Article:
Crime Courtrooms And The Public Sphere In Britain 1700 1850

Author: David Lemmings
Publisher: Routledge
ISBN: 1317157958
Size: 13.59 MB
Format: PDF
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Modern criminal courts are characteristically the domain of lawyers, with trials conducted in an environment of formality and solemnity, where facts are found and legal rules are impartially applied to administer justice. Recent historical scholarship has shown that in England lawyers only began to appear in ordinary criminal trials during the eighteenth century, however, and earlier trials often took place in an atmosphere of noise and disorder, where the behaviour of the crowd - significant body language, meaningful looks, and audible comment - could influence decisively the decisions of jurors and judges. This collection of essays considers this transition from early scenes of popular participation to the much more orderly and professional legal proceedings typical of the nineteenth century, and links this with another important shift, the mushroom growth of popular news and comment about trials and punishments which occurred from the later seventeenth century. It hypothesizes that the popular participation which had been a feature of courtroom proceedings before the mid-eighteenth century was not stifled by ’lawyerization’, but rather partly relocated to the ’public sphere’ of the press, partly because of some changes connected with the work of the lawyers. Ranging from the early 1700s to the mid-nineteenth century, and taking account of criminal justice proceedings in Scotland, as well as England, the essays consider whether pamphlets, newspapers, ballads and crime fiction provided material for critical perceptions of criminal justice proceedings, or alternatively helped to convey the official ’majesty’ intended to legitimize the law. In so doing the volume opens up fascinating vistas upon the cultural history of Britain’s legal system over the ’long eighteenth century'.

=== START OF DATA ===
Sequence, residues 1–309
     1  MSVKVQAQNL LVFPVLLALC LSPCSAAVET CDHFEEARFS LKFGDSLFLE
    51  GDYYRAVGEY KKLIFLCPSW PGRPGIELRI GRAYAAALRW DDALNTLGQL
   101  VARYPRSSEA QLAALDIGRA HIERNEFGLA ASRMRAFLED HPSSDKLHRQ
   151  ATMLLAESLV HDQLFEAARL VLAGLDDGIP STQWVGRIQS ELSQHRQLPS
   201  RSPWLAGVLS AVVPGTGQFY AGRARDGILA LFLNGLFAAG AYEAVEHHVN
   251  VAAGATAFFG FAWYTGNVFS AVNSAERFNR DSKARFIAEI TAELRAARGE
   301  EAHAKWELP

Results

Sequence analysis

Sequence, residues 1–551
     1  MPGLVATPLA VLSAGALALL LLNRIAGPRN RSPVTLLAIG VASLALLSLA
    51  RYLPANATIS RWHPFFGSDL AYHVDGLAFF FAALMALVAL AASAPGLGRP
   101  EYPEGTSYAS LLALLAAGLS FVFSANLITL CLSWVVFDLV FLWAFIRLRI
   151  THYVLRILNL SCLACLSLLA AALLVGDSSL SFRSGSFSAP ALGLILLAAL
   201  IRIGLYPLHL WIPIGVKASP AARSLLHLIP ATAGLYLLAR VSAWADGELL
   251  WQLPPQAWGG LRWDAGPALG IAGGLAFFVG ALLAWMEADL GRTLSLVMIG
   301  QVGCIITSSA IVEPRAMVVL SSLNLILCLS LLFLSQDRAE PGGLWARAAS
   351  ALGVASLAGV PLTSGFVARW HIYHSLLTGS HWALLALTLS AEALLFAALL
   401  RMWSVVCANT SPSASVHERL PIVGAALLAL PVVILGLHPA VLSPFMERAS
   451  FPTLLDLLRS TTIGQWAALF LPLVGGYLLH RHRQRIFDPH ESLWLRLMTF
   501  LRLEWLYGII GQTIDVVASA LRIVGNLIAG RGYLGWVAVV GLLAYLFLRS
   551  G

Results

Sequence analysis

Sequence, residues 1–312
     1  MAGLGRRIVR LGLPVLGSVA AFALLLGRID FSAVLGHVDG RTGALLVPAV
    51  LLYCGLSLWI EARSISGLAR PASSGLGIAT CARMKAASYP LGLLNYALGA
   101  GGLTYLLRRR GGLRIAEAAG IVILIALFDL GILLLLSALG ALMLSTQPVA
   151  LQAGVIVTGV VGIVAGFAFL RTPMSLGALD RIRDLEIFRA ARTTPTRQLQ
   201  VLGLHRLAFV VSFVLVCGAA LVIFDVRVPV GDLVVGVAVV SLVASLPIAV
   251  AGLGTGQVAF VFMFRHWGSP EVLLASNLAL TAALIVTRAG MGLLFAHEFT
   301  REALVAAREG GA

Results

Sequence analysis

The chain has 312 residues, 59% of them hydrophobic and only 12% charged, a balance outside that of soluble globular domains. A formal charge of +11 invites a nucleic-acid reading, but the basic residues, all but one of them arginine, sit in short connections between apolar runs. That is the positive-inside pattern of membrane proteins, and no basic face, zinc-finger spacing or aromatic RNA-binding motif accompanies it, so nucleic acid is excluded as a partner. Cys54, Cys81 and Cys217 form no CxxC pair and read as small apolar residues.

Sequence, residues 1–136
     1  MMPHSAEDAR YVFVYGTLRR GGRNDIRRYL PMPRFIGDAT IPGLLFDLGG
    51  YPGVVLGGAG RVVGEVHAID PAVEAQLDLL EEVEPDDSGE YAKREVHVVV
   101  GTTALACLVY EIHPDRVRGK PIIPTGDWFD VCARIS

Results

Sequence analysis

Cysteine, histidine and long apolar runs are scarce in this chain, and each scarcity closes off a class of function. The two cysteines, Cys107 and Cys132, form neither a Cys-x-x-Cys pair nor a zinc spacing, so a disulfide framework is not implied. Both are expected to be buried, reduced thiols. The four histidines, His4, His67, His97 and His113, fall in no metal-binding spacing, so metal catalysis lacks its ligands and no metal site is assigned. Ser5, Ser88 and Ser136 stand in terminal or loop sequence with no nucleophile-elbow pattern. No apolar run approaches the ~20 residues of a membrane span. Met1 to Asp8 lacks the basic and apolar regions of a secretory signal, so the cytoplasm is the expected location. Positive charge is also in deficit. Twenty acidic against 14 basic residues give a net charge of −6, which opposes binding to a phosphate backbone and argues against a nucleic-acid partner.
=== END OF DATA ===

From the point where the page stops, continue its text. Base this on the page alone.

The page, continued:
Crime Courtrooms And The Public Sphere In Britain 1700 1850

Author: Professor David Lemmings
Publisher: Ashgate Publishing, Ltd.
ISBN: 1409473163
Size: 63.15 MB
Format: PDF
View: 7212
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Modern criminal courts are characteristically the domain of lawyers, with trials conducted in an environment of formality and solemnity, where facts are found and legal rules are impartially applied to administer justice. Recent historical scholarship has shown that in England lawyers only began to appear in ordinary criminal trials during the eighteenth century, however, and earlier trials often took place in an atmosphere of noise and disorder, where the behaviour of the crowd - significant body language, meaningful looks, and audible comment - could influence decisively the decisions of jurors and judges. This collection of essays considers this transition from early scenes of popular participation to the much more orderly and professional legal proceedings typical of the nineteenth century, and links this with another important shift, the mushroom growth of popular news and comment about trials and punishments which occurred from the later seventeenth century. It hypothesizes that the popular participation which had been a feature of courtroom proceedings before the mid-eighteenth century was not stifled by ‘lawyerization’, but rather partly relocated to the ‘public sphere’ of the press, partly because of some changes connected with the work of the lawyers. Ranging from the early 1700s to the mid-nineteenth century, and taking account of criminal justice proceedings in Scotland, as well as England, the essays consider whether pamphlets, newspapers, ballads and crime fiction provided material for critical perceptions of criminal justice proceedings, or alternatively helped to convey the official ‘majesty’ intended to legitimize the law. In so doing the volume opens up fascinating vistas upon the cultural history of Britain’s legal system over the ‘long eighteenth century'.

Emotions And Social Change

Author: David Lemmings
Publisher: Routledge
ISBN: 1135006350
Size: 39.44 MB
Format: PDF, Mobi
View: 1831